DescriptionThe Saab 340 is a Swedish twin-engine turboprop aircraft designed and initially produced by Saab AB and Fairchild Aircraft.
It is designed to seat 30-36 passengers and, as of July 2018, there were 240 operational aircraft used by 34 different operators.
On 25 January 1983, the Saab 340 conducted its maiden flight. During the early 1990s, an enlarged derivative of the airliner, designated as the Saab 2000, was introduced. However, sales of the type declined due to intense competition within the regional aircraft market. In 1998, Saab decided to terminate production of the Saab 340.
On 6 June 1984, the Saab 340's launch customer, Swiss operator Crossair, received its first 340 aircraft. One week later, the type performed its first flight with paying customers on board; passengers on board this flight included Pope John Paul II.
During 1989, US regional airline American Eagle placed a large order for the type, procuring a total of 50 340Bs along with options for an additional 50 aircraft. However, business conditions and demand for turboprop-powered regional airliner transformed dramatically during the 1990s; this can be perhaps best summarised by AMR Eagle's decision in October 1999 to announce its intention to phase out its 340 fleet. Faced with diminished value and demand for the 340, Saab chose to shutter production in 1999.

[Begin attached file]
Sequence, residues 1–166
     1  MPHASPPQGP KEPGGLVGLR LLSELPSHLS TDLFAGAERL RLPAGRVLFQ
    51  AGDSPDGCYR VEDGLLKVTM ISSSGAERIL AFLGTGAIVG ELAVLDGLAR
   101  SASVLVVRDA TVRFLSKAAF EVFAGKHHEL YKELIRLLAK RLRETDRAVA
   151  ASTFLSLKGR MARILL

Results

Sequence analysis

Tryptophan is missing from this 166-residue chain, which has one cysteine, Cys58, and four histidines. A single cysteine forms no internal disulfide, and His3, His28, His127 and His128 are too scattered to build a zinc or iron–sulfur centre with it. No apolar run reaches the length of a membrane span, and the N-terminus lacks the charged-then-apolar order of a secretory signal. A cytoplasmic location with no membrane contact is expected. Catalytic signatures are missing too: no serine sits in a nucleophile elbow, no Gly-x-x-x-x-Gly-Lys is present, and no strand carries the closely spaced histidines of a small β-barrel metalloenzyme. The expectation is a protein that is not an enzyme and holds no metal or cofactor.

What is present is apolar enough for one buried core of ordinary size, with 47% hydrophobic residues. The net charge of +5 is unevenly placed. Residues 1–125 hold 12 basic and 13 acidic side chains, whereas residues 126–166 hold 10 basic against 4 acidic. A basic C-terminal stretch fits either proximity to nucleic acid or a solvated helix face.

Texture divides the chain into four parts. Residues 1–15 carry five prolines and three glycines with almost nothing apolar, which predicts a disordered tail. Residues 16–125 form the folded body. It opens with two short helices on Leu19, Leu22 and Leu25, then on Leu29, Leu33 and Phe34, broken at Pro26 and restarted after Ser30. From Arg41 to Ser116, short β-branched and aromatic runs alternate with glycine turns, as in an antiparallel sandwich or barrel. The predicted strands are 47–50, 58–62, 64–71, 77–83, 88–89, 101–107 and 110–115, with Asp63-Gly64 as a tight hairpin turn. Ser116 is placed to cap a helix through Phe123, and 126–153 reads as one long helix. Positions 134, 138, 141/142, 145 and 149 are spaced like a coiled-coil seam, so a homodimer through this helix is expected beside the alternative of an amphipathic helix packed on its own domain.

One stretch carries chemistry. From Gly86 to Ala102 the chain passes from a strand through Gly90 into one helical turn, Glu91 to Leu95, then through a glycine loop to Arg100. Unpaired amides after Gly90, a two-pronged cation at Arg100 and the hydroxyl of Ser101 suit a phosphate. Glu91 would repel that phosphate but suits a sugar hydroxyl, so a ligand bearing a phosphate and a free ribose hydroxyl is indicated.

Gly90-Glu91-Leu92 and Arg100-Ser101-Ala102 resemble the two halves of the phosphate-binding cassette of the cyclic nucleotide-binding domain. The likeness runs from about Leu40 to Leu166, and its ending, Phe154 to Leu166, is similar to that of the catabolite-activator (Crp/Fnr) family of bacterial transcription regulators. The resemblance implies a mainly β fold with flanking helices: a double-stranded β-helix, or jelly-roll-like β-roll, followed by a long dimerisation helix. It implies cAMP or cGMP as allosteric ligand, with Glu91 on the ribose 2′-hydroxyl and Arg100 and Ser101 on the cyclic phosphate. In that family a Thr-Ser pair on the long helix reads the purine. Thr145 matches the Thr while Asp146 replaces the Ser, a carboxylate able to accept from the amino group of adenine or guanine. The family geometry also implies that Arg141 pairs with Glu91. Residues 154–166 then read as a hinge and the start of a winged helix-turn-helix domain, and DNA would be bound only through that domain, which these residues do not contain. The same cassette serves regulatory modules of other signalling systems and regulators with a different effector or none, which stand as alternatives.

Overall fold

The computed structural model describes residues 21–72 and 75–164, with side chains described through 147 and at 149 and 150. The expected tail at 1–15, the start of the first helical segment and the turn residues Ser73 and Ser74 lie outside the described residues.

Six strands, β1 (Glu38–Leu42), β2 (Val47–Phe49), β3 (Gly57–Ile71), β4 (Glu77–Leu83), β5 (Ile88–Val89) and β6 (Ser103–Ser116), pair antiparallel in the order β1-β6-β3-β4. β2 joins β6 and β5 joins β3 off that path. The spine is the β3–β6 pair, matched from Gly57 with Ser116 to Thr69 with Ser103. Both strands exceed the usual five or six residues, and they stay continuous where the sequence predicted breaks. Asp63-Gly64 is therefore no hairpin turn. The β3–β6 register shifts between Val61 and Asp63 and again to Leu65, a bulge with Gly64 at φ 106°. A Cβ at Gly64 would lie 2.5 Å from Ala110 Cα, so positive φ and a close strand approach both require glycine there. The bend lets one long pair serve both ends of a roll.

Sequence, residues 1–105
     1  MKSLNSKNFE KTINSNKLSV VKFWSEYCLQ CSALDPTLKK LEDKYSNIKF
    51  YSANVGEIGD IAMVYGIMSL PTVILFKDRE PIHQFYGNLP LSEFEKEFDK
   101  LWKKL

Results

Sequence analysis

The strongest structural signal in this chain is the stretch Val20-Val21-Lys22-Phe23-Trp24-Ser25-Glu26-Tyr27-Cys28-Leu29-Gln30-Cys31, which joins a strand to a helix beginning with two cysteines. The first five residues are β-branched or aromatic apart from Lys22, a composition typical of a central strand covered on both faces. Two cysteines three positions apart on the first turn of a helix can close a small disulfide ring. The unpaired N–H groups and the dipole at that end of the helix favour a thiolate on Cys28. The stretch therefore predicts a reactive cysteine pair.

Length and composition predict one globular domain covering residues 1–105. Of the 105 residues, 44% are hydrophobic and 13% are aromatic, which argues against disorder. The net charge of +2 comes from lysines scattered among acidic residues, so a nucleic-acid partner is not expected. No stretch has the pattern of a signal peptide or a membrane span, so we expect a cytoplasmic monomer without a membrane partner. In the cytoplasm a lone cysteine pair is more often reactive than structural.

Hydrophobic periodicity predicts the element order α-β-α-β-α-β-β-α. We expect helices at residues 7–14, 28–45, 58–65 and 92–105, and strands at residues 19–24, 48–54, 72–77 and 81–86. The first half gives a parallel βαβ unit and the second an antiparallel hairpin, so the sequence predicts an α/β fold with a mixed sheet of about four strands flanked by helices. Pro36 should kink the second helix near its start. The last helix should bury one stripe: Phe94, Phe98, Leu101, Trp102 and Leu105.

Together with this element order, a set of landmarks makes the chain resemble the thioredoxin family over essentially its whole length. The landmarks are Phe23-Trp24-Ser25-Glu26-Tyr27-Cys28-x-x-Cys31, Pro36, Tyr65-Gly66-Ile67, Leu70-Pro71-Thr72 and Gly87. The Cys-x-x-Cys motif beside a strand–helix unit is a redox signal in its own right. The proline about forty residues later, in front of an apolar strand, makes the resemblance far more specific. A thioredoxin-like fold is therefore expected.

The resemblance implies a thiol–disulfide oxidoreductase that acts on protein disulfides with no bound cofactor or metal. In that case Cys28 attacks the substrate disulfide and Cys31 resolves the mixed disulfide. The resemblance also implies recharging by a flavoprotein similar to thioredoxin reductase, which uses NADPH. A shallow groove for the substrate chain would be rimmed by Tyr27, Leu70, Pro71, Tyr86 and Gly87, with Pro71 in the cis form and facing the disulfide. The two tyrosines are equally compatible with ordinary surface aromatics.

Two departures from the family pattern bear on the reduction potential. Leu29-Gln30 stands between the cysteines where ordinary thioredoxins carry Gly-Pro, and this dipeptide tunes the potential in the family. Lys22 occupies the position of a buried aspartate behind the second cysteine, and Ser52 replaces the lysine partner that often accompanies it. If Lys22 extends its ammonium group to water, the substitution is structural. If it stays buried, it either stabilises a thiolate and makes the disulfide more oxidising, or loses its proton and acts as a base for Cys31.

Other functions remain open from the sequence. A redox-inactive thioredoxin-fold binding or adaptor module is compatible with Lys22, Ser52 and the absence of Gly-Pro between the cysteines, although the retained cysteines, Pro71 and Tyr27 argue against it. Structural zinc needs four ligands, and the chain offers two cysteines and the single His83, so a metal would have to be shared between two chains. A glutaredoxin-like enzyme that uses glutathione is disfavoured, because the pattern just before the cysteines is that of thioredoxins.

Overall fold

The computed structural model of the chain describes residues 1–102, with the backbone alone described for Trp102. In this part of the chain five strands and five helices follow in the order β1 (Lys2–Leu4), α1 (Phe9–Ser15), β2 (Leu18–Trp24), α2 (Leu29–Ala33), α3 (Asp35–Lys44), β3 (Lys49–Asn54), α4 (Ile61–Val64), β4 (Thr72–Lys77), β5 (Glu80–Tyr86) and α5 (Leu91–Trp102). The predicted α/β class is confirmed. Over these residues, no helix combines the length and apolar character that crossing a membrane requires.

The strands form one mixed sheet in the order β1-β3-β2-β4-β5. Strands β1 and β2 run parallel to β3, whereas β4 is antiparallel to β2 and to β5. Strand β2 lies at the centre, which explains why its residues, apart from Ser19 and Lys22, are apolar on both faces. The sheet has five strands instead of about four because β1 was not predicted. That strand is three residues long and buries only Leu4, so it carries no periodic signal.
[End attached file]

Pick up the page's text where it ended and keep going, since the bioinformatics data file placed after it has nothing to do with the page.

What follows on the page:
Even after production was terminated, a large number of 340s have remained in commercial service in the following decades. By 2006, there was a resurgence in demand for turboprop-powered airliners, in part due to the rising price of oil; during this year, Saab announced the largest ever leasing deal for the 340, providing a total of 25 340s to Australian operator Regional Express Airlines. By late 2010, Saab was evaluating the option of extending the certified lifespan of the 340 which, under the Maintenance Review Board programme, is typically limited to 60,000 hours; the company believes the maintenance programme could be extended to accommodate up to a 75,000 hour limit.
For more details of the development, operational history and 11 variants, click here.
- 2 pilots, 1 flight attendant, 34 passengers
- 19.73 m (64 ft 9 in)
- 21.44 m (70 ft 4 in)
- 6.97 m (22 ft 10 in)
- Wing Area:
- 41.81 sq m (450.0 sq ft)
- Empty Weight:
- 8,140 kg (17,946 lb)
- 13,155 kg (29,002 lb)
- 2 × General Electric CT7-9B turboprop engines, 1,305 kW (1,750 hp) each for take-off
- 522 km/h (324 mph, 282 kn), Maximum speed: 502 km/h (312 mph, 271 kn) IAS VMO, Mach 0.5
- Cruise Speed:
- 467 km/h (290 mph, 252 kn) at 7,620 m (25,000 ft)
- Stall Speed:
- 164 km/h (102 mph, 89 kn) flaps down
- 1,732 km (1,076 mi, 935 nmi)
- Rate of Climb:
- 10.2 m/s (2,010 ft/min)
- Service Ceiling:
- 7,620 m (25,000 ft)